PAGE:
There has been very little effect on my work as agriculturally related (including research work) is deemed essential. So, during the pandemic, our USDA facility, including my lab, has been kept open, while following the general protection guideline (such as wearing masks and social distancing).  With little disruption, I have been able to focus on analyzing data and drafting manuscripts. Two new manuscripts on trypsin inhibitor assay have recently been submitted to JAOCS.

What is one thing that you are missing the most during this quarantine? 

Attending a regular AOCS Annual Meeting & Expo, where I can freely interact with AOCS members, particularly PCP members and participate in the annual PCP dinner event.


PCP division – Get to know your peers

During this challenging time, we all must come together and stay connected. Joining AOCS and the PCP division is a great way to keep in touch with your peers. Over the years, the PCP division members have helped each other grow and achieve greater heights. In this section, we share our members (our past chair and two graduate students) experiences with the division.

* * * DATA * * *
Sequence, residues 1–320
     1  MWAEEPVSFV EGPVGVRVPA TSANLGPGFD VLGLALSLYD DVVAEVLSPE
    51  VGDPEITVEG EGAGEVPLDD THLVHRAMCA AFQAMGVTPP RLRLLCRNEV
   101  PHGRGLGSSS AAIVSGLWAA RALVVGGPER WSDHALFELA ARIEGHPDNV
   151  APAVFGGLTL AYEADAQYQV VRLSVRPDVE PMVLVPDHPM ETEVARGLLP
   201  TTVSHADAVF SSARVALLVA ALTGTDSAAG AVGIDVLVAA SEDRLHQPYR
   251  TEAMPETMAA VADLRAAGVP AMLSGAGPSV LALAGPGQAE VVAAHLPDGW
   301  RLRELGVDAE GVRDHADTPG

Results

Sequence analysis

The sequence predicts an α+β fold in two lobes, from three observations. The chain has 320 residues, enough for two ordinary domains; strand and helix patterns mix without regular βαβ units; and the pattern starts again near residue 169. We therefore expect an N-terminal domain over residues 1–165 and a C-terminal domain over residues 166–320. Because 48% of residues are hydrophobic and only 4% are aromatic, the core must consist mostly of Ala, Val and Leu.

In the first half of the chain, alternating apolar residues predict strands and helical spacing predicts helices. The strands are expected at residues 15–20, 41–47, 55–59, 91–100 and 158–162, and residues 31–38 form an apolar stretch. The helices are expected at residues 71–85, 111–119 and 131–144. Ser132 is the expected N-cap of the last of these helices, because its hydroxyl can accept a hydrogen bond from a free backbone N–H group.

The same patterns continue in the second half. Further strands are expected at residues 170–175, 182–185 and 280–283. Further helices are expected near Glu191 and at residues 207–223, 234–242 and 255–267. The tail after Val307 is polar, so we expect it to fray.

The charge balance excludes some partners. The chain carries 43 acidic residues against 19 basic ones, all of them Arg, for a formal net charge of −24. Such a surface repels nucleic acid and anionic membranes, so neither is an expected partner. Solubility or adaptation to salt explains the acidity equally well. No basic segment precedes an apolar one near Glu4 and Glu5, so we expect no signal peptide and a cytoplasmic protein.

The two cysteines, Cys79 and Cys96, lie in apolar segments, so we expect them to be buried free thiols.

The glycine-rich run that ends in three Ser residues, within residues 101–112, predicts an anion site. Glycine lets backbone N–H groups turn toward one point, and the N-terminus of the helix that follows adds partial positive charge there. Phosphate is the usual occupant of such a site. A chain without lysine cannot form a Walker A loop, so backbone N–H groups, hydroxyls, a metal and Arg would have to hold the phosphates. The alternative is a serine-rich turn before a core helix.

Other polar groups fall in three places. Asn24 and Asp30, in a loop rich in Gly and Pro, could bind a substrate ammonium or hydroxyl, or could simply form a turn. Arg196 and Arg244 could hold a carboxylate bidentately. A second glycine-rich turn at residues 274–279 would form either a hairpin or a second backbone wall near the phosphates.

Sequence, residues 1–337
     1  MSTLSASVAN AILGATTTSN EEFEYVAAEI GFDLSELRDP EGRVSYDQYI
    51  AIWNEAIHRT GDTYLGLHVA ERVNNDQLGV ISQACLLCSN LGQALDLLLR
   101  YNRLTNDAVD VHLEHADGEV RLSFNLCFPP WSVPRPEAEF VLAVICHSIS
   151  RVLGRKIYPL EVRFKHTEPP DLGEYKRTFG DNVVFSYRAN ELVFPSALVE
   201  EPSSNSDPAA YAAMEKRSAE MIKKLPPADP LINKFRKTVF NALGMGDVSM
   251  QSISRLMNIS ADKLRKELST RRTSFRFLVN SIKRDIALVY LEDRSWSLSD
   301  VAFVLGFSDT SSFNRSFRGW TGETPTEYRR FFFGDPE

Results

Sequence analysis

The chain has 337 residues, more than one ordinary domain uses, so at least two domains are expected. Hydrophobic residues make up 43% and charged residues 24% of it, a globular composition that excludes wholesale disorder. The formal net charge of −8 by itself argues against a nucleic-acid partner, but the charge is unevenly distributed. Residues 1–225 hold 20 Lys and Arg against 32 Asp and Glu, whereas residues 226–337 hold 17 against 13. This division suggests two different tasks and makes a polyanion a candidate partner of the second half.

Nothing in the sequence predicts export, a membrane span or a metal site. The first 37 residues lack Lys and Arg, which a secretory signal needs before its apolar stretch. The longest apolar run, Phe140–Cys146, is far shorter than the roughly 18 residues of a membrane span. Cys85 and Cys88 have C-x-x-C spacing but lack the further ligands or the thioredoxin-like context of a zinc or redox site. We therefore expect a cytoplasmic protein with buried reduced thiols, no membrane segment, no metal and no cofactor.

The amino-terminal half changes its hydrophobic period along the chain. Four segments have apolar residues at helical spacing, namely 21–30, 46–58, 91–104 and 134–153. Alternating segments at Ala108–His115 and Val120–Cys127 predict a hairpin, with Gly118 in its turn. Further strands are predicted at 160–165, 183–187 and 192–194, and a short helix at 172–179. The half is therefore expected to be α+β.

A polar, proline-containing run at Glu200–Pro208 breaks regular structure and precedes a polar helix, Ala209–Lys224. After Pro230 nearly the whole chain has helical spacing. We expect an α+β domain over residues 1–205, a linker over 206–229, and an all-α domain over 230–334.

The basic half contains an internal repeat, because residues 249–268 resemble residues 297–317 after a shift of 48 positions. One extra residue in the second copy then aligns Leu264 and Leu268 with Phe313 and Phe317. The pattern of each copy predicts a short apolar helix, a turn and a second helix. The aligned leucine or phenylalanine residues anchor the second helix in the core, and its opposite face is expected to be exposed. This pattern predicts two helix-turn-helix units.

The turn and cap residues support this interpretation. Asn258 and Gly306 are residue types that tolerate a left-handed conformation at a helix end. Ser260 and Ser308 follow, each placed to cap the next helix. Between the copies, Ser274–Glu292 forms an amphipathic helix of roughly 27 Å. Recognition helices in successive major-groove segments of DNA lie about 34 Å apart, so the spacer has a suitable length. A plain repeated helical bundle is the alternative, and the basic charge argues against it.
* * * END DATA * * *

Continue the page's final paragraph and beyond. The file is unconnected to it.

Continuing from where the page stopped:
Dr. Buddhi Lamsal, past chair or the PCP division shares his experience:

How did you get involve with PCP? 

My first involvement with PCP was as a postdoc researcher, wherein my mentor, Dr. Larry Johnson, suggested I attend the annual meetings and present our research. Coming from an engineering background, I was looking for a professional society which aligned with my research interests. AOCS/PCP provided me with a great platform to be engaged in and build the network of peers and interact with other researchers; so much so that I now call it my primary professional society and I am so proud of it. 

Please share with us your experience on being Chair for the PCP Division.